Eye For Film >> Movies >> Ab-normal Beauty (2004) Film Review
Set in Bangkok, the story of Ab-normal Beauty focuses on Jiney (Race Wong) a promising young photography student who, at the outset of the film, witnesses a horrific car crash. The sight of the critically injured victim awakens an intense and somewhat perverse fascination with death so much so that she begins photographing dying people and animals. Moving throughout the city, she photographs everything from suicides to chickens being decapitated in an effort to quench her thirst for death leading her into the clutches of a depraved serial killer.
The mastery of films such as Audition (1999) are obviously one of the more prevalent influences on the Pang Brother's recent offering; however, don't rent this one expecting the tension or subtlety of Miike's masterpiece. Having already provided us with Bangkok Haunted (2001) and The Eye (2002), the Pang Brothers have been firmly cemented within the ongoing boom in extreme Asian cinema, typified by the likes of earlier films, such as Ring (1998). All the elements of extreme terror are present and used fluently by the Pangs to create a reasonably unsettling story with some unique visuals.
The character of Jiney is at once pitiful and unsettling, garnering both the audience's sympathy and fear, as it is revealed that she was sexually molested as a younger girl. This trauma has somehow led to an unhealthy interest in death and, as she goes about the city photographing various grim scenes, she spirals deeper into an obsession that eventually leads to tragedy. The Pangs succeed in tapping into the darker areas of the human psyche and its fascination with the many images of death and Wong's performance proves to be surprisingly convincing.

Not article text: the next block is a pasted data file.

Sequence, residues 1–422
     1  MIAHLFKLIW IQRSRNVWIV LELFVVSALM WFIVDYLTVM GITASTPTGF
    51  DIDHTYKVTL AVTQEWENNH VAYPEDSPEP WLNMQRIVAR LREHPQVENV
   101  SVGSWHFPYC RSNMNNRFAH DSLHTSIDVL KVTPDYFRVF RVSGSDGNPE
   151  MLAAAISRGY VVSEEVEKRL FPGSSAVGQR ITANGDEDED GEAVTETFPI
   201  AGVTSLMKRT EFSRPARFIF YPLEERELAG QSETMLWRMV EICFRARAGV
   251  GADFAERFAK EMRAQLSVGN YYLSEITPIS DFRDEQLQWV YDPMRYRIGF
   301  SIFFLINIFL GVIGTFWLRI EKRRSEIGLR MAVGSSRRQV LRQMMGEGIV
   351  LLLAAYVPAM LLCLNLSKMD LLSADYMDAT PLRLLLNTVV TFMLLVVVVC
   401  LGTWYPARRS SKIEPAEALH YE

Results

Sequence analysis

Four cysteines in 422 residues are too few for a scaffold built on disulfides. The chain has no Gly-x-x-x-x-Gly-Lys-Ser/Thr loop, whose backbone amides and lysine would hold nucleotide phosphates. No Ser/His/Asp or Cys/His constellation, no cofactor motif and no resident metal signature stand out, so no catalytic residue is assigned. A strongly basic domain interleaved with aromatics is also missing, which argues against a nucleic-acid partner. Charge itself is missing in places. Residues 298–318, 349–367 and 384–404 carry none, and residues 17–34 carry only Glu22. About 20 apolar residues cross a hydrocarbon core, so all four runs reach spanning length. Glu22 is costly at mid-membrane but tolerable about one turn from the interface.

The film's one downfall is the final quarter, where an unknown stalker looms over the horizon and begins dispatching Jiney's friends and sending her videotapes of his handiwork. The last act is completely unwarranted and unsympathetically hacks away at what proved to be a very promising plot with some apt performances. The failing here is, perhaps, the desire, or need, to cater to audiences expecting gruesome violence, but only succeeds in killing off what could have been a real winner. The special effects during the killer's video footage are entirely laughable and wouldn't have cut the mustard in the mid-Nineties.
Viewers should be warned that Ab-normal Beauty is not quite on the same page as other examples from the Tartan Extreme production house. Despite the fact that it tackles a seemingly gruesome subject matter, the frights are kept to a bare minimum, as the Pangs focus on Jiney's internal conflict with her desires and eventual realisation that her feelings stem back to the distress of her childhood. The eventual realisation that she killed her cousin in retaliation for the abuse he and his friends inflicted upon her is revealed as the young Jiney stands staring from the top of the stairs at the lifeless corpse at the bottom.
Like the title, there are scenes that prove to be visually mesmerising, not least when Jiney swings from a 10th story balcony, immersed in apparent tranquillity at the thought of committing suicide. In juxtaposition with the moments of calm there are also moments where her insatiable desire to move ever closer to death becomes genuinely unsettling, a case in point being the bucket full of twitching chicken corpses in the market sequence.
In short, Ab-normal Beauty carries with it most of the pros and cons of modern day extreme cinema from Asia. The cinematography and framing are both graceful and purposeful, lending a real gravity to certain scenes. However, this is all too quickly rendered ineffectual by a haphazard final act that detracts from what could have been an enjoyable film.Reviewed on: 24 Apr 2006